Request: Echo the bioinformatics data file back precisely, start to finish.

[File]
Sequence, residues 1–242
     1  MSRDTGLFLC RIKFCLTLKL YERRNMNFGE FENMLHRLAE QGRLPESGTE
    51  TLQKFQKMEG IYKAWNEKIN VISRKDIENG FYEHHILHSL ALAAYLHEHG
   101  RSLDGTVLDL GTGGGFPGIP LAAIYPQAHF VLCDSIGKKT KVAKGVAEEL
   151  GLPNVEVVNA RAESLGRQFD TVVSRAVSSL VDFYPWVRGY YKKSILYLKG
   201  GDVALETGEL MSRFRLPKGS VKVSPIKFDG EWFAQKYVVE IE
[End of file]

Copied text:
Sequence, residues 1–242
     1  MSRDTGLFLC RIKFCLTLKL YERRNMNFGE FENMLHRLAE QGRLPESGTE
    51  TLQKFQKMEG IYKAWNEKIN VISRKDIENG FYEHHILHSL ALAAYLHEHG
   101  RSLDGTVLDL GTGGGFPGIP LAAIYPQAHF VLCDSIGKKT KVAKGVAEEL
   151  GLPNVEVVNA RAESLGRQFD TVVSRAVSSL VDFYPWVRGY YKKSILYLKG
   201  GDVALETGEL MSRFRLPKGS VKVSPIKFDG EWFAQKYVVE IE